Durkin: Know Your Opponent – Green Bay Packers
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By Dan Durkin-
A weekly glimpse at the Bears’ upcoming opponent. This week: Green Bay.
(CBS) The Bears must have upset someone at the NFL’s scheduling department. First it was the defending NFC South Champion Atlanta Falcons, then the 2009 Super Bowl Champion New Orleans Saints on the road, now they welcome to Soldier Field the defending Super Bowl Champion Green Bay Packers.
The Bears sit at 1-1 in the NFC and if they intend on picking up their first divisional win this weekend they’ll need to play nearly flawless football against the best team in the NFL. Are the Bears up for the challenge? Let’s take a look at the Packers’ strengths and weaknesses, as well as the key match-ups in the 183rd installment of the NFL’s longest running rivalry.
I’ve said it before and I’ll say it again, Aaron Rodgers is the best quarterback in football. He’s unflappable under duress, compiling the NFL’s highest quarterback rating against the blitz over the past three seasons. When teams sit back in coverage, his footwork buys enough time to find the open receiver. Is he unstoppable? At times, yes, he is. But for some reason the Bears defense has had a modicum of success against him over the years. To have any chance on Sunday, the Bears have to generate pressure with their front four and be assignment sound in the secondary.
Armed with the most diverse group of receiver talent in the NFL, the Packers pass to set up the run. This pass-first approach forces opposing defenses to use safeties for deep help over the top on sticky-handed speedster Greg Jennings. However, choosing to double team Jennings – also known as “cloud” coverage – can be a catch-22 for a defense. When teams go to the cloud, opportunities arise for tight end Jermichael Finley up the seam of the defense. Even though Brian Urlacher is the premiere pass defending linebacker in the NFL, Finley is a mismatch for any linebacker or safety that the Packers will certainly exploit.
While the Bears would prefer to burn and bury any evidence from last week’s offensive debacle in New Orleans, future opponents now have game tape to devise their defensive attack. Packers defensive coordinator Dom Capers, deploys a high pressure blitz scheme similar to that of the Saints, so the Bears porous protection schemes will be tested.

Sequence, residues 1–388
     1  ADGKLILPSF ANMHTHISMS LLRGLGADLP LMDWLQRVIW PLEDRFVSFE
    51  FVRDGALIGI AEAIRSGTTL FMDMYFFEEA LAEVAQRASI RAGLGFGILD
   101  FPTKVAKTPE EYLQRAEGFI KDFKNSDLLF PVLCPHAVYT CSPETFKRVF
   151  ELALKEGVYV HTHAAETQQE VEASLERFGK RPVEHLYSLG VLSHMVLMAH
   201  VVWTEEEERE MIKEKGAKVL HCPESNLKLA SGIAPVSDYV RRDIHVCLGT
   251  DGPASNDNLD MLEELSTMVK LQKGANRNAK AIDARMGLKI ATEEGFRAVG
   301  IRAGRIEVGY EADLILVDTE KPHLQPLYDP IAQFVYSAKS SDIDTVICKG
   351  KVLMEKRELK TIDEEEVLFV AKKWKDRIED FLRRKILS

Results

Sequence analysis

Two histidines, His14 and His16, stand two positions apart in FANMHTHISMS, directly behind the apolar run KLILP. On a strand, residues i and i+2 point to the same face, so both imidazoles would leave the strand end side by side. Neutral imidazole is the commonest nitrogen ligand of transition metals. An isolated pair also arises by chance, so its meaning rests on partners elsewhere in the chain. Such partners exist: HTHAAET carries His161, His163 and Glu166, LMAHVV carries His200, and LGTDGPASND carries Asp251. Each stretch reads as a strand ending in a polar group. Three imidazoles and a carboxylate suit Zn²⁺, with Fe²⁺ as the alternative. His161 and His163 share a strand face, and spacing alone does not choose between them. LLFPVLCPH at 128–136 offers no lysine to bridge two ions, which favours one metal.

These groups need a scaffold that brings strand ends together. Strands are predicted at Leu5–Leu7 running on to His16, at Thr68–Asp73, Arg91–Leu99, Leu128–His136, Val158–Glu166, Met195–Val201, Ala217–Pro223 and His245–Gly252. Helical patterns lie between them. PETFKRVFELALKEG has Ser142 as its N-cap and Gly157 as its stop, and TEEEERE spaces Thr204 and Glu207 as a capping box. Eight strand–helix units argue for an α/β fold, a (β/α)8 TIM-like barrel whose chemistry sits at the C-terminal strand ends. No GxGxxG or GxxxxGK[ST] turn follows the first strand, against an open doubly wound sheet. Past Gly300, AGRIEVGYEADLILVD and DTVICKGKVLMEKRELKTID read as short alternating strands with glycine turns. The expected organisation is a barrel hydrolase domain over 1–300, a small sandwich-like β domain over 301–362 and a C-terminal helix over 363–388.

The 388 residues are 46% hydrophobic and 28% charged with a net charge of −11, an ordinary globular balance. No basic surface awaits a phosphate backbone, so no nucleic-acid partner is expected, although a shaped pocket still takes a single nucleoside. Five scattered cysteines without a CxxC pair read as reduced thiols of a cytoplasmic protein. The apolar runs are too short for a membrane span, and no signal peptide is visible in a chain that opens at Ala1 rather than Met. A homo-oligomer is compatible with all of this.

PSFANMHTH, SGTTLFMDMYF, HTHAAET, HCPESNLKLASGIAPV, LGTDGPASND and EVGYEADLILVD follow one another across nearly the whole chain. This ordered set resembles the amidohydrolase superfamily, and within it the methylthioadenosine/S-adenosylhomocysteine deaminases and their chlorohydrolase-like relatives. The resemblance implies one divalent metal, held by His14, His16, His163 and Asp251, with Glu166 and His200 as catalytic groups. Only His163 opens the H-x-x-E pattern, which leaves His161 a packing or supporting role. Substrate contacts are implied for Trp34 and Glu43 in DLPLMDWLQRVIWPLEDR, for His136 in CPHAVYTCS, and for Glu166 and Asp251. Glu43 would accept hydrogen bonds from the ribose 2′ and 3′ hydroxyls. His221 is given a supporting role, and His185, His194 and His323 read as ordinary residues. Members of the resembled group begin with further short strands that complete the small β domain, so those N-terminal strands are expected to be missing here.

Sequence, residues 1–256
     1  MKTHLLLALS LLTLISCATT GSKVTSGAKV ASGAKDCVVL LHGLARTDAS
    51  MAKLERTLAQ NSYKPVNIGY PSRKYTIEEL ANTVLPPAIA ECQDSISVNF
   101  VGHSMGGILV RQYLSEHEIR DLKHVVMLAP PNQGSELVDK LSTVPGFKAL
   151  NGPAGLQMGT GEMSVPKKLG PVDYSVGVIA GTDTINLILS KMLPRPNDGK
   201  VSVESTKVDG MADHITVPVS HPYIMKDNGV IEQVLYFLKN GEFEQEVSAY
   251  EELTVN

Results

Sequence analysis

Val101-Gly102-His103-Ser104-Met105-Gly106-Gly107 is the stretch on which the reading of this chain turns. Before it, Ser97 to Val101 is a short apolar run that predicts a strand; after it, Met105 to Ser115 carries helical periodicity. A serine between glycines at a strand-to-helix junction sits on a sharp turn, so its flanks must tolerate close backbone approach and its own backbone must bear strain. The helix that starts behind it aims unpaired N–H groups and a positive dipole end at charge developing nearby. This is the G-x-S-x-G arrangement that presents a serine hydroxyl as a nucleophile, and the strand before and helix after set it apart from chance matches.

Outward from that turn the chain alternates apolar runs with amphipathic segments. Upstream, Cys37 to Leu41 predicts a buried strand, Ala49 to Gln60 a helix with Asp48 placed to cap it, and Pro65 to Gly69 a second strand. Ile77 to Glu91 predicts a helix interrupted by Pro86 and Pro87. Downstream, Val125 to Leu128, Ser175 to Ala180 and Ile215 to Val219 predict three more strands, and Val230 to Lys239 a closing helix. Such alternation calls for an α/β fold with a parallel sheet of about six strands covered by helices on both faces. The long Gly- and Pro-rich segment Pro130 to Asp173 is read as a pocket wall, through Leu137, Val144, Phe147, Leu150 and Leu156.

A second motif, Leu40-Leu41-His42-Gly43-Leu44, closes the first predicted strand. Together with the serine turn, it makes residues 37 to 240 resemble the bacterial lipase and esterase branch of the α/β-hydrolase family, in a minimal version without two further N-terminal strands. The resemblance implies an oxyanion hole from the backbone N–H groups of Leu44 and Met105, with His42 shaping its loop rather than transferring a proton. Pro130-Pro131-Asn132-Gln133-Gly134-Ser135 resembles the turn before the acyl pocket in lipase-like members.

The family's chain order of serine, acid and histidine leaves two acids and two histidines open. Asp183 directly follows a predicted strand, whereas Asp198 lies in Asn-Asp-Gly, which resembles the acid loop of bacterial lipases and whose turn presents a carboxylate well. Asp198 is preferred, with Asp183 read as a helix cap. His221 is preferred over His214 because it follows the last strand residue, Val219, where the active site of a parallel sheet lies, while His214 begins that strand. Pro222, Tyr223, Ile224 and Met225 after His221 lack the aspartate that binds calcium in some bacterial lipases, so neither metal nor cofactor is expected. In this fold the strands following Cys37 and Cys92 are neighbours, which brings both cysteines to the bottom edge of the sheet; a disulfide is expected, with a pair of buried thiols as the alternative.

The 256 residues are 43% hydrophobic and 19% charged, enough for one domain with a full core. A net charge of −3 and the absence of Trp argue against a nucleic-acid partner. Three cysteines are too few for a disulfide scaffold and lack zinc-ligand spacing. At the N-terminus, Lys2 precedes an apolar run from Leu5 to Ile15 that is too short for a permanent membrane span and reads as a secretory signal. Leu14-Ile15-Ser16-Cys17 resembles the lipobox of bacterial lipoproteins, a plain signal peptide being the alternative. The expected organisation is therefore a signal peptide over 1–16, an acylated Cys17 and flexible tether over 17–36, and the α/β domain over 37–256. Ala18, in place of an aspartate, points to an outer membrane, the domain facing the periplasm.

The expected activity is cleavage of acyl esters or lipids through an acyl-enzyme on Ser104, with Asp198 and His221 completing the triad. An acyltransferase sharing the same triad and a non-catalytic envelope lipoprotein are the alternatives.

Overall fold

Clay Matthews and BJ Raji are game changing talents who will have to be accounted for on every snap by Bears’ blockers. If the Bears choose to keep a tight end or running back in to help chip on Clay Matthews, Jay Cutler will have one less receiving option to work with. In an offense with very limited wide receiver talent, this will be a problem, and Cutler may be forced to make risky throws to try and move the chains.
The Bears do catch a break this weekend, as the Packers lost Pro-Bowl free safety Nick Collins for the season with a neck injury, which is a big blow to the Packers secondary. The Bears should test new free safety Charlie Peprah on vertical and deep dig (square-in) routes.
The Bears only hope for winning this weekend will be to run the ball to eat the clock and keep Rodgers and company on the sideline. Judging by the offensive line’s performance thus far, I just don’t think this will be possible. The Packers will stuff the run and force the Bears to throw the ball. Unless the Bears are able to win with their old formula of forcing turnovers and getting a spark from special teams, their chances on Sunday are grim.
What to watch when the Bears have the ball:
Mike Martz vs. Dom Capers: Martz’s gameplan last week in New Orleans was indefensible. It was evident early in the game the Bears’ offensive line was losing the battle at the line of scrimmage, yet Martz continued to call 7-step drops and put Jay Cutler in harm’s way. Hopefully, Lovie Smith has had a chat with Martz about achieving a better run-pass balance in play calls, but if the Bears offensive line doesn’t improve, it won’t matter.
What to watch when the Packers have the ball:
Packer receivers vs. Major Wright: Guaranteed the Packers will take multiple deep shots down the field after seeing Major Wright get burned by Devery Henderson last week. The very purpose of the Tampa-2 scheme is to prevent big plays, but Wright was slow out of his break and bit on the outside vertical route, letting Henderson slip behind him. If Chris Harris is able to play this weekend, I’d look for Brandon Merriweather to start and play all of the game on Sunday as Wright just isn’t ready for prime time.
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